It is interesting to see how these two approaches differ, like reducing gamma in a Levels adjustment vs. a Black & White adjustment for the B/W copy, naming or not naming the layers, etc.

FWIW, I like that in the 14 step version step 1 is to unlock the layer, since the default is to lock the "(Background)" layer. I also like that in the 29 step version the original layer is untouched & names are assigned to the two layers creating the effects.

I think the 'move inside' steps in the summersara version could be eliminated by taking advantage of a little known macro feature, that being that macros record the assistant settings for adding adjustment & filter layers when the macro is created, so setting that to "Add adjustment as child layer" (& if a live filter is used "Add filter as child layer") prior to creating the macro would automatically apply the move inside steps. I assume in HVDB's version that was in effect when the macro was recorded, explaining why that macro lacks 'move inside' steps.

Since adjustments & live filters are non-destructive & are accessible in the Layers panel, both versions provide for post-macro tweaks, which I found useful for controlling the strength, softness, etc. of the effect for different photos. Very cool! :1_grinning:


Affinity Photo 1.7.3, Affinity Designer 1.7.3, Affinity Publisher 1.7.3; macOS High Sierra 10.13.6 iMac (27-inch, Late 2012); 2.9GHz i5 CPU; NVIDIA GeForce GTX 660M; 8GB RAM
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Thanks for feedback and tips @R C-R

Yep i was wondering what to do with the adjustments layers, as i'm used to just dragging them down onto the parent layer, will need to have a bit more practice with macros but it was fun challenge :)

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For me, the fun part of constructing Photo macros that actually do what I want is figuring out how to work around the many limitations of the current implementation. It is also the most frustrating part. :(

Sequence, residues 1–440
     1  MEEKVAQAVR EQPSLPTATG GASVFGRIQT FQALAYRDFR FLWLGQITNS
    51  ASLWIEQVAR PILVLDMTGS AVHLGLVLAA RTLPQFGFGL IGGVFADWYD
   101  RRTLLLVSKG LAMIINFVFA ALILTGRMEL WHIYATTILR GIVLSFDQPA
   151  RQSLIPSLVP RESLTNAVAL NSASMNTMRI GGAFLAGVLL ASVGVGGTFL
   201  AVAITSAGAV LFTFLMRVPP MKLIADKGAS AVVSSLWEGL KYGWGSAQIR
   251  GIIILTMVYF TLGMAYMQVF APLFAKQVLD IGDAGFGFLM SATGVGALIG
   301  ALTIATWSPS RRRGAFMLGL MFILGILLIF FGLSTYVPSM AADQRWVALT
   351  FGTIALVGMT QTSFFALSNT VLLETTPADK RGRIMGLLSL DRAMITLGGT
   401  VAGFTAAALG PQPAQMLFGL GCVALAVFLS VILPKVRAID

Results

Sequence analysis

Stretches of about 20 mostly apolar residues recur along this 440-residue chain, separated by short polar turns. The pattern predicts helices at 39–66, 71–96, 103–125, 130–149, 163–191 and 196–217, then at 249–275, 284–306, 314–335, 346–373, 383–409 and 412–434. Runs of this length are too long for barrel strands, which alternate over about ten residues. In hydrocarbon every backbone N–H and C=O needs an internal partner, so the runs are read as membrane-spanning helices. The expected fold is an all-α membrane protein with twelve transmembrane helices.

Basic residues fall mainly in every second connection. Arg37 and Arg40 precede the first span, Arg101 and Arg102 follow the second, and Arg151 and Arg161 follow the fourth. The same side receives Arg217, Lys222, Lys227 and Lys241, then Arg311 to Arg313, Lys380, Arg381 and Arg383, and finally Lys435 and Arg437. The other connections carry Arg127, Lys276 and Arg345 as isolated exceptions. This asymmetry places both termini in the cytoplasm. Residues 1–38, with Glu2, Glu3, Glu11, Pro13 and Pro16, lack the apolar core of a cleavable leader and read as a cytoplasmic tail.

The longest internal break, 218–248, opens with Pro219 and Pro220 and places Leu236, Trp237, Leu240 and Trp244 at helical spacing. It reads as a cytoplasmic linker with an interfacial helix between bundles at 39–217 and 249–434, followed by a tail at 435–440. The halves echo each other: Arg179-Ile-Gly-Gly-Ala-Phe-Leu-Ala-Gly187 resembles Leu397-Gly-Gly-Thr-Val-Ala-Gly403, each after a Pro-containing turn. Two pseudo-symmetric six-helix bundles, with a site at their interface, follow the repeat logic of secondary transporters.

That is partially because there are no workarounds for many of those limitations & partially because there is almost no support for editing macros once they have been created. For example, even something as simple as exposing a parameter in a step that has a gear icon or changing its initial value(s) requires saving the macro as a new one. It would be a lot less frustrating if we had a 'replace' or 'save changes' button in the Macro panel.


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11 hours ago, R C-R said:

That is partially because there are no workarounds for many of those limitations & partially because there is almost no support for editing macros once they have been created. For example, even something as simple as exposing a parameter in a step that has a gear icon or changing its initial value(s) requires saving the macro as a new one. It would be a lot less frustrating if we had a 'replace' or 'save changes' button in the Macro panel.

Very true words. That's why I gave up on my macro on the other thread.

One mistake and you have to start over. After three times messing it up (and not knowing that "add to sublayer" trick) I had enough.


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Affinity Photo 1.7.2.471, Affinity Designer 1.7.2.471, Affinity Publisher 1.7.2.471

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On 9/26/2019 at 3:45 PM, summersara said:

You can get a similar effect by using the Bilateral blur on a colour copy of the image and increasing the Luminosity and reducing the Saturation, i then gave the B/W copy with the line drawing effect (from detect edges and invert) an overlay blend mode:

@summersara & @HVDB Photography Thank you for the macros.

I don't think the effect is similar or even close to what I'm looking for I learned something:

Bilateral blur works better than (every bodys default) gaussian blur as it creates other articats that can be eliminated nicely by the gamma change. This reduces the colors a lot better than posterize does IMHO.

But I still miss something that adds depth trough lighting back into the picture.

Compare the eyes and hair in this picture with my first post.

How can I introduce that back on the remaining edges (after this color uniformation)?

steps_test_image.jpg.1e80ab2d0511e9a385913b337c263fb3.jpg

 


Windows 10 Pro x64 (1903). Intel Core i7-9700K @ 3.60GHz, 32 GB memory, NVidia RTX 2080
Affinity Photo 1.7.2.471, Affinity Designer 1.7.2.471, Affinity Publisher 1.7.2.471

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Hi,

Try adding the Diffuse Glow filter, you can get some lovely light effects with it and the Dust and Scratches filter is another one that can soften a photo to have a more cartoon look.